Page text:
Britain may reconsider a switch in time zone

Backers see a longer tourism season. Opponents say sunrise would come later.

Posted: October 30, 2011

LONDON - Britain's government may reconsider long-touted proposals for a switch to Central European Time, a move that advocates insisted Saturday would bring lighter evenings and possibly offer the country's sluggish economy a boost.

Campaigners say a lawmaker's proposal made this year to permanently switch Britain's clocks 60 minutes ahead of current settings would extend the tourism season, cut road deaths, and help promote outdoor activities.

Debate over the change, which would synchronize British clocks with those in continental Europe, has rumbled for years, and legislators have made repeated attempts to press forward the case for reform.

However, opponents insist that northern regions would be badly affected, with darker mornings across northern England and Scotland. Some critics say the sunrise in Scotland could come as late as 10 a.m. during some winter months.

British Prime Minister David Cameron, speaking during a visit to Australia, said he continued to be interested in the idea of changing the country's time zone - but stressed that semiautonomous authorities in Scotland, Wales, and Northern Ireland would need to agree.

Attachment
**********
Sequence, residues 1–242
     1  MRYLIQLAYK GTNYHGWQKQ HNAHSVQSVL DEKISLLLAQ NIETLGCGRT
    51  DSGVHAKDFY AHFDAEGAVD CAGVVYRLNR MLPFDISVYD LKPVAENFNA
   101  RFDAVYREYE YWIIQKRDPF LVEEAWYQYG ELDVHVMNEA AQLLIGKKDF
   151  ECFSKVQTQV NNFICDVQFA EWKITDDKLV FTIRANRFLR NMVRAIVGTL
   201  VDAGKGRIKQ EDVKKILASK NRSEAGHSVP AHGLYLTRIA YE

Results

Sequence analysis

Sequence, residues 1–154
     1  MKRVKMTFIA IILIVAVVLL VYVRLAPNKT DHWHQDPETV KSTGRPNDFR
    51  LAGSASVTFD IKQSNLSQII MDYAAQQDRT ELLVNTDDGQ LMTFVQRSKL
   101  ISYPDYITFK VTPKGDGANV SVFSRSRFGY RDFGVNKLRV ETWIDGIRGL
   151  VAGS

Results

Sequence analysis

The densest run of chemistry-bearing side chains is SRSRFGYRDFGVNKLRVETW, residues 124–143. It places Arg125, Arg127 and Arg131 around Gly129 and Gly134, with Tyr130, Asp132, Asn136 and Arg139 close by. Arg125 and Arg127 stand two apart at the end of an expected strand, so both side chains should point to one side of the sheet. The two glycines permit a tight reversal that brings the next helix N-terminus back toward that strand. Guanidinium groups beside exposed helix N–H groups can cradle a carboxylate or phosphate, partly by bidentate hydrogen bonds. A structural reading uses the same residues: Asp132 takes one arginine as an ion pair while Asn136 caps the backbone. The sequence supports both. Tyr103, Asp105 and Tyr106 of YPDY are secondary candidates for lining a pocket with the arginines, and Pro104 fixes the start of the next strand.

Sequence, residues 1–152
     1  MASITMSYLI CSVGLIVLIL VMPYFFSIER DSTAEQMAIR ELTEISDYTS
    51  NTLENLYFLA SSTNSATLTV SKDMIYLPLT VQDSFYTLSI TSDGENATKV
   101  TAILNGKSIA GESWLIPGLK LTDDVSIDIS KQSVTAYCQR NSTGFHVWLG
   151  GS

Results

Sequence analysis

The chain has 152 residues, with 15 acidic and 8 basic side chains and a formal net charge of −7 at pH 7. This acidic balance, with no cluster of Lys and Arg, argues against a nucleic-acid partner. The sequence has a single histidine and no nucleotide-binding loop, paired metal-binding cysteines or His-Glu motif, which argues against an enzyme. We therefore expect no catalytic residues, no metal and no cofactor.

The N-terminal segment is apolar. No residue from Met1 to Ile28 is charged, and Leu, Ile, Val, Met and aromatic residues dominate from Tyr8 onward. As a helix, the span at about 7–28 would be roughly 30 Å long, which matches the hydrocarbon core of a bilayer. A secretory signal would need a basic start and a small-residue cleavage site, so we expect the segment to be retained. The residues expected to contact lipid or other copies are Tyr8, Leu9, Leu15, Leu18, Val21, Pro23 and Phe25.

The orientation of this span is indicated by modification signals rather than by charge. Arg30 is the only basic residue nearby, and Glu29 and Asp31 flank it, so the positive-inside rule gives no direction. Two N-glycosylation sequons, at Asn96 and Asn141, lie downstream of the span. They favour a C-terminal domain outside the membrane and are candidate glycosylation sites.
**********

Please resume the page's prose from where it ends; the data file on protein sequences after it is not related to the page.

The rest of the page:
"Discussions are under way across Whitehall and with the devolved authorities but that's the key, you can only do this if there is real national consensus and pressure between all the nations of our United Kingdom," Cameron said.

Clocks in Britain go forward one hour in the spring when daylight saving time takes effect and are turned back in the fall, a regime adopted in 1916 and known as British summer time.

During World War II, summer time was set two hours ahead, and the country has previously experimented with year-round summer time from Feb. 18, 1968, to Oct. 31, 1971, drawing protests in Scotland.

Scottish Nation Party lawmaker Angus MacNeil said that northern parts of Britain would likely oppose any changes.

Any reform "would have massive implications for the safety and well-being of everyone living north of Manchester," MacNeil said, referring to the city in northwestern England.

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